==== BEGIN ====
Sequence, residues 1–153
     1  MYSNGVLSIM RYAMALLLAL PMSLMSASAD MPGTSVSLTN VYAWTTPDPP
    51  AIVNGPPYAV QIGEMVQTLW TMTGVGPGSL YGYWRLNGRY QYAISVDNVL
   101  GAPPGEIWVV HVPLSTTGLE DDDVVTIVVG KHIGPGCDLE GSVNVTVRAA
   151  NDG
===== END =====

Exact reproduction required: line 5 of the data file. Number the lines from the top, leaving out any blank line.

   151  NDG